7 tips on coping with back-to-school madness

  • By William Hageman Chicago Tribune
  • Monday, August 18, 2014 12:06pm
  • Life

There are certain truths that become evident at back-to-school time for most of us: The kids still haven’t stopped growing, and we need to update their comically ill-fitting wardrobes. The school supply list is longer, and the prices higher, than last year. The family is woefully disorganized.

Thank goodness for people such as Ellen Delap, a certified professional organizer, with a smart blog — find it at professional-organizer.com/WordPress. She also works as a family manager coach. Her expertise can make that transition into the new school year, and the months ahead, smoother. Here are some tips from Delap.

Three-part process: Organizing for the school year goes beyond slapping a planner on the wall (though that’s not a bad idea). Delap says there are three areas that need to be well-regulated: your house, your schedule and your finances. The house and schedule are obvious (more on them later). Financial organizing is sometimes overlooked. There are a lot of checks that need to go out in the fall — extracurricular fees, ballet lessons and the like. Relegate them to one spot and keep on top of them. Bills, like scheduling, can be overwhelming when they start pouring in.

Command center: Set up a command center, one spot where all planning is done. It should have a desk-top sorter, a wall area with dry erase calendars, and wall pockets for papers (incoming mail, permission slips, school papers that need to be signed, tax receipts, etc.). Yes, we live in a growing electronic society, but we still have to deal with paperwork. Triage it, sorting the urgent from the merely important and the trash.

Family calendar: Whether digital or that calendar stuck to the wall or fridge, the calendar lists what’s going on in individuals’ lives, where they need to be and when. Potential conflicts can be headed off. “These are critical,” Delap says.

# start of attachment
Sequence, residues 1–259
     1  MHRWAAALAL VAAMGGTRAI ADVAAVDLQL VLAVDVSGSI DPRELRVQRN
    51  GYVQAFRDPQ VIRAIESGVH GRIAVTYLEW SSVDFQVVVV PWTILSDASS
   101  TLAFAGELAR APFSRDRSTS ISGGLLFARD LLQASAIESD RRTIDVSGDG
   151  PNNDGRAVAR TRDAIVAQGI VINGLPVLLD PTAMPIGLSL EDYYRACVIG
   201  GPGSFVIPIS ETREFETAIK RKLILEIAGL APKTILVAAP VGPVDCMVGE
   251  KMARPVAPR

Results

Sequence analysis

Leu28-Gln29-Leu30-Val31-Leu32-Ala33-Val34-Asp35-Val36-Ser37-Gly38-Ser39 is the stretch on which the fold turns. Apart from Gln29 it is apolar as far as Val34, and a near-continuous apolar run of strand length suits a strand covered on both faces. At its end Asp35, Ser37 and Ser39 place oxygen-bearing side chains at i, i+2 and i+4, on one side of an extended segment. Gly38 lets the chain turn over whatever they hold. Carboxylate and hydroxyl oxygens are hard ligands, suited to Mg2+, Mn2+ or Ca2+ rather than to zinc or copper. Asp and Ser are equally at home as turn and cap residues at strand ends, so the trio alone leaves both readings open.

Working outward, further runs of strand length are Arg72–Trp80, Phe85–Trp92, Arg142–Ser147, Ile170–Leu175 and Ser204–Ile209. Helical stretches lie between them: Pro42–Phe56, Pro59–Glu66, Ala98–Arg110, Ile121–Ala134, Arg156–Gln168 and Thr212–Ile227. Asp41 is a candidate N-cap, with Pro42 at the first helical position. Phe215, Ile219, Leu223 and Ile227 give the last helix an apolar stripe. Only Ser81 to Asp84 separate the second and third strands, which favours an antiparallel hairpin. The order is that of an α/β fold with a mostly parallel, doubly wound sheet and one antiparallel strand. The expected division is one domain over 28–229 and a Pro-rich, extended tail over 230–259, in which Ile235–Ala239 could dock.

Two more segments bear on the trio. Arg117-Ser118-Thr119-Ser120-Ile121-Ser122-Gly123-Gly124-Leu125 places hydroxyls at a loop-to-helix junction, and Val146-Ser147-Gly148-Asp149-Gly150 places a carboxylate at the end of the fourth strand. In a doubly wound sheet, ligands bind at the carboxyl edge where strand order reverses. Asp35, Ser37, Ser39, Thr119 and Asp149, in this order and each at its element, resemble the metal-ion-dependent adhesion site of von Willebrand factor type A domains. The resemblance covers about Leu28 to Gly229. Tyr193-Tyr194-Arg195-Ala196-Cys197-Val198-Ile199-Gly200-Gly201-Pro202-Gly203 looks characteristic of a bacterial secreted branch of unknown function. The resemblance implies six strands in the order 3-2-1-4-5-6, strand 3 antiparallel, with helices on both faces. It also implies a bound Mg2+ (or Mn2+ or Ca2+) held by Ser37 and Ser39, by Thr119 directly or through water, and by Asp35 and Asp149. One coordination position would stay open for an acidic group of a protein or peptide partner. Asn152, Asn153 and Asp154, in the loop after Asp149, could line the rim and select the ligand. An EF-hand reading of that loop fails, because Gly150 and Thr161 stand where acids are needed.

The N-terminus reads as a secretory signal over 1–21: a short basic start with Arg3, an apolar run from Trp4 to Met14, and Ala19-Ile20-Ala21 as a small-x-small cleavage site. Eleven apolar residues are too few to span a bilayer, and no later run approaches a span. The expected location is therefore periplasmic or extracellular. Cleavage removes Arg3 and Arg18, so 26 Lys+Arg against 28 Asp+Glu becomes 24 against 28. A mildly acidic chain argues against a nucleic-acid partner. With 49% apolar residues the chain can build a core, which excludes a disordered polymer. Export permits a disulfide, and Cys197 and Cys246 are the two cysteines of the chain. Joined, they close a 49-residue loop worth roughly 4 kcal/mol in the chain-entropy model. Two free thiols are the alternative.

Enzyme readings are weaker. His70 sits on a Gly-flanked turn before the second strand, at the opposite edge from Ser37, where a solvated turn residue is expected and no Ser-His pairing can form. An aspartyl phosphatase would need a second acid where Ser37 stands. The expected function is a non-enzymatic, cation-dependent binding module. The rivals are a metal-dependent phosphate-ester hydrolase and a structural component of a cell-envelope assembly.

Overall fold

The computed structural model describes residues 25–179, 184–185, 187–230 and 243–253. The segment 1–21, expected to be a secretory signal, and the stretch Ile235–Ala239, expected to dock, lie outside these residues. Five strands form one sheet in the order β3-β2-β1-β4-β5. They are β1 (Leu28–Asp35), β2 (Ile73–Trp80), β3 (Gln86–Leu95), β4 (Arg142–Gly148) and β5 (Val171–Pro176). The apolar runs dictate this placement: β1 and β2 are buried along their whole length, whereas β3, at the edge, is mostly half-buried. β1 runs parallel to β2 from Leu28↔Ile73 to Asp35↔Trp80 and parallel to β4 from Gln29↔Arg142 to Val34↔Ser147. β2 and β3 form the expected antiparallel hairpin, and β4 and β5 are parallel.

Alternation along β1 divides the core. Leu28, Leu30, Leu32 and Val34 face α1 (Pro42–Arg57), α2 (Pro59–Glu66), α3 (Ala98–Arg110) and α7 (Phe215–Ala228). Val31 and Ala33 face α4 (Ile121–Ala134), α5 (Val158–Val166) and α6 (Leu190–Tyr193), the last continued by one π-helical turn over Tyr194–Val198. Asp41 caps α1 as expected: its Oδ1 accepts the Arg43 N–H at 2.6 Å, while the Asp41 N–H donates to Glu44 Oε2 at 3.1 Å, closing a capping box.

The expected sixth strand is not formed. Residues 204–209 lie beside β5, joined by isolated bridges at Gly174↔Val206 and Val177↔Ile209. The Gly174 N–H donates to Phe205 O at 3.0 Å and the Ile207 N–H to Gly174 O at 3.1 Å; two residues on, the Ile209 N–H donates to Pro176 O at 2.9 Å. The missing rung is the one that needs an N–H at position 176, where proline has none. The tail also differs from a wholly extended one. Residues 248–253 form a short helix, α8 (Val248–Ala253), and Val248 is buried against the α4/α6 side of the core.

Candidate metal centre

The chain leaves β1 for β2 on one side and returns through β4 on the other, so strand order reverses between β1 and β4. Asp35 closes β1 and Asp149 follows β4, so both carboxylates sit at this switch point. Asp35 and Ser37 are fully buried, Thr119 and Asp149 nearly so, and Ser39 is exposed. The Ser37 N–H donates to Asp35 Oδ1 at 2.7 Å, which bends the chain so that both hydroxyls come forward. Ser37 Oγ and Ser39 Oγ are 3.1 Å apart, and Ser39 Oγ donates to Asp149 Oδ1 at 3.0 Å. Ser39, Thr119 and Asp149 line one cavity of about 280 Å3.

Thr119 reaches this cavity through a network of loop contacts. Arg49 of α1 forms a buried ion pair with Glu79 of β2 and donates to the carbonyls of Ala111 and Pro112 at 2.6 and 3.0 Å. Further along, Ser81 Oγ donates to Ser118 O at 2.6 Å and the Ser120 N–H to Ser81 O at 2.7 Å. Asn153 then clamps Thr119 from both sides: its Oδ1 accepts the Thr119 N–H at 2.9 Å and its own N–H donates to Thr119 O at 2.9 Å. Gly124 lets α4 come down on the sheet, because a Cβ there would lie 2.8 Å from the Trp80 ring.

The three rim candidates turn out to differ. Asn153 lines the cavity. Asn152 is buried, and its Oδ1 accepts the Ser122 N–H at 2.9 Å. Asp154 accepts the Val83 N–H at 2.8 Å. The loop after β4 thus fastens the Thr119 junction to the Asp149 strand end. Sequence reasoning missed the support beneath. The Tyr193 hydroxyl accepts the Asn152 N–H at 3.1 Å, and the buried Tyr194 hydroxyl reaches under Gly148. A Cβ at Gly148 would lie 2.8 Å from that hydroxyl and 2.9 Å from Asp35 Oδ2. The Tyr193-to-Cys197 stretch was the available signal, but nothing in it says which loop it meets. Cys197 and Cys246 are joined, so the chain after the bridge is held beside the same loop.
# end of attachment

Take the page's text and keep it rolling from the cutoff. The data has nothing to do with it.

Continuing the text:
Weekly meeting: A weekly family meeting is a great way to ensure everyone is in the game. “Families live in the moment so much, even something like a vacation, you won’t talk about until the last minute,” Delap says. A weekly meeting reminds everyone what is coming up. Attendance is mandatory. If one of the kids balks, well, have the meeting be the time allowances are handed out. The kids will attend.

Basic routines: Set specific times for regular tasks, based on family members’ schedules. Is Saturday generally a slower day? Make that laundry day. Too much laundry for one day? Break the chore into two days. Make Friday grocery shopping night. “We always know the trash is collected a certain day,” she says. “So find one or two family members to take the trash out the night before.” Delap also suggests posting a chart listing the various jobs. “Then it’s not like you’re nagging.”

“I hate this!” No one loves every task he or she is assigned. If little Rico grumbles about unloading the dishwasher, give him another job, one he will like better. It’s all about getting the family to work as a team. “When you create these partnerships for responsibility, it’s a lot more fun,” Delap says. “No one wants to be left in the kitchen alone.”

Dealing with emergencies: If you have a routine in place, family members can adjust to take up the slack for a missing member. That also serves to strengthen the family and engender a feeling of accomplishment.

More in Life

‘Last Jedi’ is the best ‘Star Wars’ movie since the first one

This instant-classic popcorn movie makes clever references to the past while embracing the new.

Jesse Sykes brings her evolving sounds to Cafe Zippy in Everett

She and Phil Wandscher make a return trip to a club that she values for its intimacy.

Red wine usually costs more, but you can still find bargains

Here are five good-quality reds that won’t drain your grocery budget.

Beer of the Week: Skull Splitter and Blood of My Enemies

Aesir Meadery of Everett and Whiskey Ridge Brewing of Arlington collaborated to make two braggots.

Beer, wine, spirits: Snohomish County booze calendar

Ugly Sweater Party and Canned Food Drive at Whitewall: Marysville’s Whitewall Brewing… Continue reading

Student winners to perform concertos with Mukilteo orchestra

This annual show is a partnership with the Snohomish County Music Teachers Association.

‘Ferdinand’ a modern take on the beloved children’s story

The lovable bull is back in an enjoyable but spotty animated film from the makers of “Ice Age.”

Playwright alleges misconduct by Hoffman when she was 16

A classmate of Dustin Hoffman’s daughter says the actor exposed himself in 1980.

Art mimicks reality in engrosing ‘On the Beach at Night Alone’

The Korean film tells the story of an actress recovering from an affair with a married director.

Most Read